Program tests for Hep C, meets drug addicts in hour of need as Indianapolis debates needle exchange program

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INDIANAPOLIS – For the first time Monday, city-county councilors will hear the official request to approve a syringe exchange program in Marion County in the face of what health officials are calling a growing drug crisis in the state’s largest city.

Last week, Marion County Public Health Department Director Virginia Caine declared a public health epidemic in the wake of surging Hepatitis C cases in the county. Caine said the county has seen a 1,000 percent increase in the number of cases between 2013 and 2017, a majority of which have been attributed to intravenous drug use.

One of the leading forces behind the declaration and the data set is a pilot program underway at Eskenazi Health called Project Point and funded through a grant from the Richard M. Fairbanks Foundation.

The goal is to reach patients in the emergency room moments after an overdose with not only recovery options but immediate Hepatitis C and HIV testing.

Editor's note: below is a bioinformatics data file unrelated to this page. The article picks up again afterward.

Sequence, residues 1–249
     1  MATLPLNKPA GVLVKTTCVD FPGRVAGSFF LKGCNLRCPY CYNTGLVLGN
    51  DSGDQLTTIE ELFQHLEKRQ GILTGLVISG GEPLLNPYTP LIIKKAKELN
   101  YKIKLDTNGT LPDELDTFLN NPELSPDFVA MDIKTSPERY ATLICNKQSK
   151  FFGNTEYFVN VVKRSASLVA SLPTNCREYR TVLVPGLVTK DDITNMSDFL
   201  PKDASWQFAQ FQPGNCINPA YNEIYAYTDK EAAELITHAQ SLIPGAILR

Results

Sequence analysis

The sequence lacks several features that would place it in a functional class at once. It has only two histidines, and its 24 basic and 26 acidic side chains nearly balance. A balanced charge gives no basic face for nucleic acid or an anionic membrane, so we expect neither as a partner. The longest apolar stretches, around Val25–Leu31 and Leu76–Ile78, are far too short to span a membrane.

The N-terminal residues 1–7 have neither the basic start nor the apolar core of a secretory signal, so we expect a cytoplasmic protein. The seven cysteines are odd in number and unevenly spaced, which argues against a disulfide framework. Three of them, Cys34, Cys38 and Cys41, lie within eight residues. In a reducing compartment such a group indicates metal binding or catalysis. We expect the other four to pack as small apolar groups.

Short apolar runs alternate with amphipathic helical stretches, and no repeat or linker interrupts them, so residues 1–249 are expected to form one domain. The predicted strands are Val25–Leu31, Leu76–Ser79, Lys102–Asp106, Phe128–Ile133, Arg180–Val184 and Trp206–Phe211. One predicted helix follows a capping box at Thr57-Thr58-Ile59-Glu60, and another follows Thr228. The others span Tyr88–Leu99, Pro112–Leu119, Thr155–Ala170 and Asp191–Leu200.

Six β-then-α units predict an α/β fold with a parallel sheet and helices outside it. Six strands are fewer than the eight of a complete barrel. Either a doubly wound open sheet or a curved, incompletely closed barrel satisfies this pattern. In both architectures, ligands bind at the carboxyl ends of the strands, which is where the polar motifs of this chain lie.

“Although we knew it was a problem – folks were telling us hey I know I have Hepatitis C – again they’re not regularly folks who are being tested or regularly accessing health care,” Dr. Krista Brucker said, medical director for Project Point. “So this is an opportunity to test a really high-risk group of folks.”

The program started in 2016.

Brucker said to date in 2018 alone, Eskanazi has seen 465 overdose patients. Of those, 190 have participated in Project Point, 90 percent of whom have received testing or taken overdose kits. The program doesn’t operate overnights or on weekends.

“We’re not pushing anything on anyone,” Brucker said. “We’re just trying to meet people where they are and say ‘Hey you’re kind of in a bad spot. How can we help?’”

Now health advocates are using the data to push city-county councilors to approve a needle exchange program, alongside the stories of recovering addicts who have use similar programs in other counties across the state.

“A major impact,” a recovering addict said who asked to remain anonymous. “I was able to help others and get their trust and bring them to it because everybody was worried the police was following them. And they really wasn’t.”

A final vote will not happen at Monday’s meeting.

Before that, three public meetings are scheduled.

  • Tuesday, May 22 - 5:30 p.m.
    • City-County Building Room 260, Indianapolis
  • Thursday, May 31 - 6-8 p.m.
    • Marion County Public Health Department 1st floor conference room, Indianapolis
  • Wednesday, June 13 - 6-8 p.m.
    • Marion County Public Health Department 1st floor conference room, Indianapolis

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